In fact, this is probably one of the most progressive and empowered human movements in recent decades. People who are coming may very well be coming to us to help us. If we just realized that we are together in the same boat. That we can help ourselves only with solidarity and joint resistance against fascist repressive measures, such as the installment of razor-wire and closure of borders.

The collective C.P. Inde strongly protest against the militarization resulting in the installment of the razor-wire. We do not want to be surrounded by a wire that makes us all prisoners – both before and beyond the wire. Militarization is a dangerous process that – history has taught us – leads to a fascist totalitarian state. Militarization is dangerous because in addition to legality it also codifies the legitimacy of violence. Today, this violence is directed against newcomers, migrants, refugees. Tomorrow it will may easily be directed against all those who are fighting for freedom – it will be enough to be declared as “dangerous to security”.

In the present humanitarian crisis Europe has for the first time shown its true face. Schengen has clearly demonstrated its state of decay. Schengen borders protect only the capital. The dreadfullness of the system in which tomatoes and capital more easily cross borders than human beings has become totally clear.

The collective C.P. Inde is therefore calling for civil disobedience. Let’s join the protest against the wire, which will be held on Saturday, 12.19. at 11 am in Brezovica near Gradin and at 2 pm, in Dragonja. Remove the killer wire, if you can, where you can, when you’re able to. If you can not, demand the immediate removal! We will not be quiet until the last piece of the wire is removed and the last razorblade safely harvested and converted into something friendlier to living beings.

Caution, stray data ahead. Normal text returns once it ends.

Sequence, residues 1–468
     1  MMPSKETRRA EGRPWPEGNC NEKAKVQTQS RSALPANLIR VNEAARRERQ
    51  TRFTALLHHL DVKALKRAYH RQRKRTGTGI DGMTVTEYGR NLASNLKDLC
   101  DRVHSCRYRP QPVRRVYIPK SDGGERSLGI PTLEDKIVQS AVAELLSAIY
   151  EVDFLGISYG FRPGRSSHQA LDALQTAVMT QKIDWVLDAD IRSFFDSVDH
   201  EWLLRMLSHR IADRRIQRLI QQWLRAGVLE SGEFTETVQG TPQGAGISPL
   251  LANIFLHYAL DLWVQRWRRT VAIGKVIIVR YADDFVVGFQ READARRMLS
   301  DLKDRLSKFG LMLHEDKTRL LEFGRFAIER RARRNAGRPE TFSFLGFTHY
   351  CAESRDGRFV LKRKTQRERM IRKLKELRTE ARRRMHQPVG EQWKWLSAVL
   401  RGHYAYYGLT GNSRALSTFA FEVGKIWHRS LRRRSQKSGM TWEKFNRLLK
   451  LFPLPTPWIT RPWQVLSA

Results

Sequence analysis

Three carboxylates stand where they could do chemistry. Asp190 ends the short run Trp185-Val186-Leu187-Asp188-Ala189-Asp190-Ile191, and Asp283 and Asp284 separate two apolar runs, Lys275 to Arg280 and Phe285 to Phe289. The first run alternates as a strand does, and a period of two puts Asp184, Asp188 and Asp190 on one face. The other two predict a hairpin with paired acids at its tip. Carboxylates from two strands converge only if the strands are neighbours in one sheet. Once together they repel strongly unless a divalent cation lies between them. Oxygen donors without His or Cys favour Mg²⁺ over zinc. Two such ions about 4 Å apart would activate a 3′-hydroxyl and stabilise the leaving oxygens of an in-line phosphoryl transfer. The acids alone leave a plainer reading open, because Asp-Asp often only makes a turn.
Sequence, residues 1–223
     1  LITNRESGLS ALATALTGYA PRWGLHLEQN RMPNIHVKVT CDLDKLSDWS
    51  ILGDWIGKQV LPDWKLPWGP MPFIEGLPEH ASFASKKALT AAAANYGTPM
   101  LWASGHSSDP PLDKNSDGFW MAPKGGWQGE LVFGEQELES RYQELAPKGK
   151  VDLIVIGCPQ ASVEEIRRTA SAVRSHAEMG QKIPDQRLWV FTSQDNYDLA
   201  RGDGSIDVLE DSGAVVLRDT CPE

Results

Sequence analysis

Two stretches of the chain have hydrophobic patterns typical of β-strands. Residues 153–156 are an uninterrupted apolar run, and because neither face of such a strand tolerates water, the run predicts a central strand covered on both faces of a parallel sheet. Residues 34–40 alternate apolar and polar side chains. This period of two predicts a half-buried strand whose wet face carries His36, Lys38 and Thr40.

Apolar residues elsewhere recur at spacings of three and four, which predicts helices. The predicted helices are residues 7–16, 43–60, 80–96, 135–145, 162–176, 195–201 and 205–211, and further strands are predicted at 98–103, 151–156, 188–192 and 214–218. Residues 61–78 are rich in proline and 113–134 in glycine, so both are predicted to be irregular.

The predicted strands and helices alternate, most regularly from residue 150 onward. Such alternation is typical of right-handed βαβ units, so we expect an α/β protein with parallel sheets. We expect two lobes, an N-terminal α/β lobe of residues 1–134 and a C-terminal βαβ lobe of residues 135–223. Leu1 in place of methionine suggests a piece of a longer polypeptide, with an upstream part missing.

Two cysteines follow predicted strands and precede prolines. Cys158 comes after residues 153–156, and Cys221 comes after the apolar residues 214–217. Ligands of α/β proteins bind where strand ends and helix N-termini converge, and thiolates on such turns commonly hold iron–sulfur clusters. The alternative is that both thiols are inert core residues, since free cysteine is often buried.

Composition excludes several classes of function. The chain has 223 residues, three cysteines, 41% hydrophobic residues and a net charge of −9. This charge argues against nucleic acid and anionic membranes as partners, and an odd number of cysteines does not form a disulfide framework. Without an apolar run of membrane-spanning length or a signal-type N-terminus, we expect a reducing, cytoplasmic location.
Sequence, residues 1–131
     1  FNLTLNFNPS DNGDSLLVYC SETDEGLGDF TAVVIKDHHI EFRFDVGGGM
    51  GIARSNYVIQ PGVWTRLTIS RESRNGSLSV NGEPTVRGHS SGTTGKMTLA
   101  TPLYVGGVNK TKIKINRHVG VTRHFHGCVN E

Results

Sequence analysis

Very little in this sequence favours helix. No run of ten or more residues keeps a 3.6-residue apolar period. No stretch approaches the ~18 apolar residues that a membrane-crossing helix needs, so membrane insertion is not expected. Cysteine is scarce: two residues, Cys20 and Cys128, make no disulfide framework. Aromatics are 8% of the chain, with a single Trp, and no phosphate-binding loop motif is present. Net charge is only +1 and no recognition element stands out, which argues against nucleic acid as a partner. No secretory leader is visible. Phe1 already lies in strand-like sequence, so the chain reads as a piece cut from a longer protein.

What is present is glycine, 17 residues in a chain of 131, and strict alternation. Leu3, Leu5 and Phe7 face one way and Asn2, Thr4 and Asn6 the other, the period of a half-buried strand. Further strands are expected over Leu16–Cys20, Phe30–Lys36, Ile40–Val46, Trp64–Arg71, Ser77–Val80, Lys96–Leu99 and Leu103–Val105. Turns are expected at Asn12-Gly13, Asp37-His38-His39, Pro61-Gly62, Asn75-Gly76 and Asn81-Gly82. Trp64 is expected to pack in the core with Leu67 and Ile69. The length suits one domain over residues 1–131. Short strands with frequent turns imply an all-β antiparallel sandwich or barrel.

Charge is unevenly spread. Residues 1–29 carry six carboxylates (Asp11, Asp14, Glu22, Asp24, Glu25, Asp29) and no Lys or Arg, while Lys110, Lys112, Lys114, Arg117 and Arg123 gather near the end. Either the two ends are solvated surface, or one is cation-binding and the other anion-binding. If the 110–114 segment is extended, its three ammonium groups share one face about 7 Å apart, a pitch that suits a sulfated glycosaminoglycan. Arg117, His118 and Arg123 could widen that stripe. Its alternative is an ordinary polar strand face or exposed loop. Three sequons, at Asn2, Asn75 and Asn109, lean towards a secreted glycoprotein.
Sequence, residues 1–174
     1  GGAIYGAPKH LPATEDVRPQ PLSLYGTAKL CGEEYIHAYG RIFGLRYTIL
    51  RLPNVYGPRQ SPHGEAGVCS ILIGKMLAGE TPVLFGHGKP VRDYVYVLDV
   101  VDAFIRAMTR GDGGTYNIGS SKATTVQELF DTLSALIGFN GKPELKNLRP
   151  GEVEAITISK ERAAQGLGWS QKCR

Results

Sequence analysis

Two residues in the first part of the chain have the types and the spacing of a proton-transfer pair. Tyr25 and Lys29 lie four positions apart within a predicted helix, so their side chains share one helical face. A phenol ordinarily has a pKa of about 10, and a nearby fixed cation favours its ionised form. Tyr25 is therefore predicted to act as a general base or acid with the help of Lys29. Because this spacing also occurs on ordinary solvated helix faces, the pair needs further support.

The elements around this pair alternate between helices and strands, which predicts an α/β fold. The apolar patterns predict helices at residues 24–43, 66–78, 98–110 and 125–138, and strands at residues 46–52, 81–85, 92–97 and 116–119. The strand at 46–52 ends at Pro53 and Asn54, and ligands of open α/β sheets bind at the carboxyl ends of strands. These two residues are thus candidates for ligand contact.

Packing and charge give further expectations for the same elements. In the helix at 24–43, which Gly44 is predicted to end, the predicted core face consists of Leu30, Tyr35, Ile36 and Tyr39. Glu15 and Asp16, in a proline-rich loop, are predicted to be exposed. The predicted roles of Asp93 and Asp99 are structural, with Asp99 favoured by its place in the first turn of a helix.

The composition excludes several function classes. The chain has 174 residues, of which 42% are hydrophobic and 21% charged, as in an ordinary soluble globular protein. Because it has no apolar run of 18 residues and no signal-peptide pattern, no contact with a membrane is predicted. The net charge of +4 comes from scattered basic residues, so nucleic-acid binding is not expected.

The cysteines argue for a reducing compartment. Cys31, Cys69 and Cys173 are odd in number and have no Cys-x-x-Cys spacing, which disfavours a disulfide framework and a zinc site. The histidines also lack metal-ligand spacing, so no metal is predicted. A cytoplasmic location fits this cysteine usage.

The Creative Platform Inde Collective


Demonstration for peace and a different Europe

On 10th December 2015 a demonstration for peace and a different Europe took place in Ljubljana. The rally was attended by over a thousand people from different initiatives and collectives and different backgrounds. Park Zvezda was the point where the crowd began to gather. Officially, the demonstration began at 5 PM. A group of people first began to march from park Zvezda towards the government of the Republic of Slovenia. On their way they were joined by the anarchist group with torches and red&black flags. In front of the government building a few individuals talked over the loudspeaker and expressed their disagreement with government policies, especially with the installment of the barbed wire. The march continued towards the parliament. The final point of the rally was RTV Slovenia, which received loud criticism for their racist reporting on the refugee crisis. Spontaneous action was carried out by a masked anarchist group before the Bank of Slovenia. Given the current situation in the country an overdose of apathy was observed. More than a thousand people gathered, but nevertheless the atmosphere was not as fervent as during the period of uprisings.